In the search for Afari's groundbreaking key ingredient, Margaret Knuppe found the women who are the essence of the brand
As a former beauty editor and founder of rubybox, Margaux Knuppe has come to favour the simplest, most effective of products. Her approach to the business of luxury skincare is similarly no-nonsense: she firmly believes that those paying a premium for something special will also gladly give something back.
Cayleigh Bright: Afari was a long time in the making, and you must have heard “you’ll never find that ingredient” more than once. Could you tell us more about this?
Margaux Knuppe: After selling rubybox in late 2014, I was invited on Sean Privett’s Fynbos Trail in the heart of the Cape Floral Kingdom.
Learning that there are 8 000+ species of fynbos in South Africa, of which 6 000 are endemic, meant one thing to me: opportunity. How can we only know about the skin-repairing properties of rooibos and buchu — surely there had to be another indigeous species with incredible skincare benefits? I was on a mission to find this unknown botanical as I wanted to showcase it to the rest of the world.
I approached a well-known cosmetic chemist to see if there was a new, indigenous active ingredient that we could include in a luxury, anti-ageing skincare range. He didn’t know of any other local species that had anti-ageing benefits that had also been clinically tested. As the beauty industry thrives on innovation, I embarked on a journey to find a new botanical with anti-ageing benefits.
Raw ingredient suppliers told me I was looking for a needle in a haystack and that every time I identified a new potential raw ingredient I would have to spend hundreds of thousands to see if it had any skincare benefits — and I would have to conduct my own clinical trials. I spoke to the head of phytochemistry at Wits: no luck.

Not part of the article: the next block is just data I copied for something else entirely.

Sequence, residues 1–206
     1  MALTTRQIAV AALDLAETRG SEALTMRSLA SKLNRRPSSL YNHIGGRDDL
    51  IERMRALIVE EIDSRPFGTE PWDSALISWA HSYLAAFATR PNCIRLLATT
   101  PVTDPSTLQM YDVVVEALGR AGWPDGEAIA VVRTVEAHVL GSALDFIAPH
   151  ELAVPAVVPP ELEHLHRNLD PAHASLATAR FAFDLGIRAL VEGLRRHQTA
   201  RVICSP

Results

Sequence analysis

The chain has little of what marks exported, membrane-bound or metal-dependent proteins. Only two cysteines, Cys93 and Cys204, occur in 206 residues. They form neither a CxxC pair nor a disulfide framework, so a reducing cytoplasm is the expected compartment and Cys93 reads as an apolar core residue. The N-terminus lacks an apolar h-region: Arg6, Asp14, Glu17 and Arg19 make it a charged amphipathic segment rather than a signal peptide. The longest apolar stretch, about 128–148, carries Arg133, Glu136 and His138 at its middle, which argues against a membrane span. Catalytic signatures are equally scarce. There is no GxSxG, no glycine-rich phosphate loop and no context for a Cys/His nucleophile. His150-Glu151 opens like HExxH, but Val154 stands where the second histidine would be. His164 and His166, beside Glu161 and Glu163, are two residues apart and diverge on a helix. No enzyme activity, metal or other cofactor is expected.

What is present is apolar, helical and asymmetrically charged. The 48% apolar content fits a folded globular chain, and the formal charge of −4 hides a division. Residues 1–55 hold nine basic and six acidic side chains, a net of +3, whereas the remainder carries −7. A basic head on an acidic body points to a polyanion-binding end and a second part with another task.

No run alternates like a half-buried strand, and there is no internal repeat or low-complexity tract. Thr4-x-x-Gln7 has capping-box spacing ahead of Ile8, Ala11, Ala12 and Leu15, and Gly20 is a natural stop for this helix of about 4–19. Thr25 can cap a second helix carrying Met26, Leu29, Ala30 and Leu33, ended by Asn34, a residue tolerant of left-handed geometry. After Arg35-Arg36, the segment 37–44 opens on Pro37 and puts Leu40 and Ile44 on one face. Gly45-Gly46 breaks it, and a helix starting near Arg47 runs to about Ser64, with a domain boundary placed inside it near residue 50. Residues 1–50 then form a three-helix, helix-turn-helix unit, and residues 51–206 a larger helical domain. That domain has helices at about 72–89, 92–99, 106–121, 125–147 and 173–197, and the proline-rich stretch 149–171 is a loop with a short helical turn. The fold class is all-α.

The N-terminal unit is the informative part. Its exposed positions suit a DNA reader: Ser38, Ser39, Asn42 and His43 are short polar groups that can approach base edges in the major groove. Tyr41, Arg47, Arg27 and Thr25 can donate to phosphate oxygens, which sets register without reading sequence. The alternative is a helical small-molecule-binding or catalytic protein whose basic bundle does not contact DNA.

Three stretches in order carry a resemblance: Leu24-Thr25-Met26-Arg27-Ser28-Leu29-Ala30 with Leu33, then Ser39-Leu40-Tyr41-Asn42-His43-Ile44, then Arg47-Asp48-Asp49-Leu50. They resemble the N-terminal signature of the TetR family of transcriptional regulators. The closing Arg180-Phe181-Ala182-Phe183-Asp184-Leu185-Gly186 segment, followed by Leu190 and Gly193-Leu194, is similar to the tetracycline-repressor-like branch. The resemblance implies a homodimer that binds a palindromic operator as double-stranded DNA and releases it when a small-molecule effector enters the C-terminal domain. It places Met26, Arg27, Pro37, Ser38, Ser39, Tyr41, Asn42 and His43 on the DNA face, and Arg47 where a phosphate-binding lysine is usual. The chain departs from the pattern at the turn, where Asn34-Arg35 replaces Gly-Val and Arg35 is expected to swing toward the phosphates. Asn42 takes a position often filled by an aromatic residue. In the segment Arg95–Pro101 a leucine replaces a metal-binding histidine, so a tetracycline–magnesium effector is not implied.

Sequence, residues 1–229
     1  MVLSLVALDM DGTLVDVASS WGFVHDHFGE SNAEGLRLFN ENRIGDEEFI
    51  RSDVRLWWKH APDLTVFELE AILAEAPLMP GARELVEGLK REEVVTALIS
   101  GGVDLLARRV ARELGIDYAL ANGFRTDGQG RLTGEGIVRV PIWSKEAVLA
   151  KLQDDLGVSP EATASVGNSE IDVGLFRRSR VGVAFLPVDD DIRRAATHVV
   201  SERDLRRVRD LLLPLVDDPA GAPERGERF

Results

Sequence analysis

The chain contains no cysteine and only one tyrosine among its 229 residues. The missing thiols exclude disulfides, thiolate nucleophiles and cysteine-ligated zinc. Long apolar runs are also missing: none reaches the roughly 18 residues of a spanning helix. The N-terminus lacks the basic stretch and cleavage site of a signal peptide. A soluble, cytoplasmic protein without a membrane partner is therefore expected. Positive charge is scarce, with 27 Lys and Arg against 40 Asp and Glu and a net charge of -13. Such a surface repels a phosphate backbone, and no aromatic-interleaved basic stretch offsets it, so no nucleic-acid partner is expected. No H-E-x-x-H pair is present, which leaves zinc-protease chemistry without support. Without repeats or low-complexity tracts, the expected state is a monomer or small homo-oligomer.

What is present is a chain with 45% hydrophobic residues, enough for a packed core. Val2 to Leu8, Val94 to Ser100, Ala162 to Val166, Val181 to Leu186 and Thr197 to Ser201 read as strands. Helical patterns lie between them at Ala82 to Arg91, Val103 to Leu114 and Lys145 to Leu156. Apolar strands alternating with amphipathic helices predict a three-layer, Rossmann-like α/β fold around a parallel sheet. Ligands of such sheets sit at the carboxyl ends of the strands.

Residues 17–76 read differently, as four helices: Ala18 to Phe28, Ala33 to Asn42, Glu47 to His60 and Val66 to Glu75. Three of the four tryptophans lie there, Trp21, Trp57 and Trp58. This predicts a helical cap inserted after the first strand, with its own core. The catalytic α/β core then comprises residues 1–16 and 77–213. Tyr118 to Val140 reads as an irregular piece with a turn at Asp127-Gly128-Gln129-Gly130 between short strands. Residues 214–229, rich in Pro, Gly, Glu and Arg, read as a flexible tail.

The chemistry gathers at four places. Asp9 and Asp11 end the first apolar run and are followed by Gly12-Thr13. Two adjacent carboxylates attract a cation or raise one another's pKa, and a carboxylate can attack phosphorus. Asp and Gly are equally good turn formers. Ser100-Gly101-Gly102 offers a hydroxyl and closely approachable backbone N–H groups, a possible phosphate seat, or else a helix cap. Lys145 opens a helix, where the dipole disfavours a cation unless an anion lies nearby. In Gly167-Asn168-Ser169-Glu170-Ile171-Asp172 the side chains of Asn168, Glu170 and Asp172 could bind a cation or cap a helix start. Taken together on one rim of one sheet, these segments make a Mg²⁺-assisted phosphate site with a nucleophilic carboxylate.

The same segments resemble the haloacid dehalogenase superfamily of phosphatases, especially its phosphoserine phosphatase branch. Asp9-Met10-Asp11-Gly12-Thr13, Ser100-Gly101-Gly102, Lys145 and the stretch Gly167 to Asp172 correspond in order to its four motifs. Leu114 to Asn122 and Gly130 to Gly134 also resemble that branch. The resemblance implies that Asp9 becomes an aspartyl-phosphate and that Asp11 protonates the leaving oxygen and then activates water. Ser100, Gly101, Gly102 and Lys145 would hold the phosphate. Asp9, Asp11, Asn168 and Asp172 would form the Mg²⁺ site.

At dinner with my ex-business partner from rubybox, I filled her in on my ingredient hunt and her husband told me about a friend who was farming moringa in Limpopo. He introduced us, but we didn’t manage to meet face-to-face.
Time passed and I heard from the cosmetic chemist again, who had just returned from an annual raw ingredients expo in Paris. He had met up with a farmer from Limpopo who had just finished clinical trials on a brand-new indigenous raw ingredient called Bulbine frutescens. Can you believe it? It was the same farmer.
After reading through the clinical trial results, I knew the ingredient was going to be a gamechanger.
Importantly, the farm employs mostly women in rural Limpopo and produces the Bulbine frutescens in a socially and environmentally sustainable manner. The production facility meets European standards and the agricultural process used to produce it is ECOCERT certified organic.
CB: It’s been a big year for you. Other than bringing your skincare range to life, what are you celebrating this season?
MK: I’m fortunate to have most of my family close by, so I’m looking forward to spending some quality time with them over the holidays.
CB: It’s also, of course, the season for giving. Could you tell us a little about what you’ve called Afari’s “circle of upliftment”?
MK: I wanted to empower women through the skincare range; both those at the source who are planting and harvesting the raw ingredient in Limpopo, and those purchasing the end product.
I believe that there are customers, particularly millennials, who are willing to pay a premium for products that do good, almost like a luxury tax: it justifies an indulgence. The premium can be passed on to people who need it most.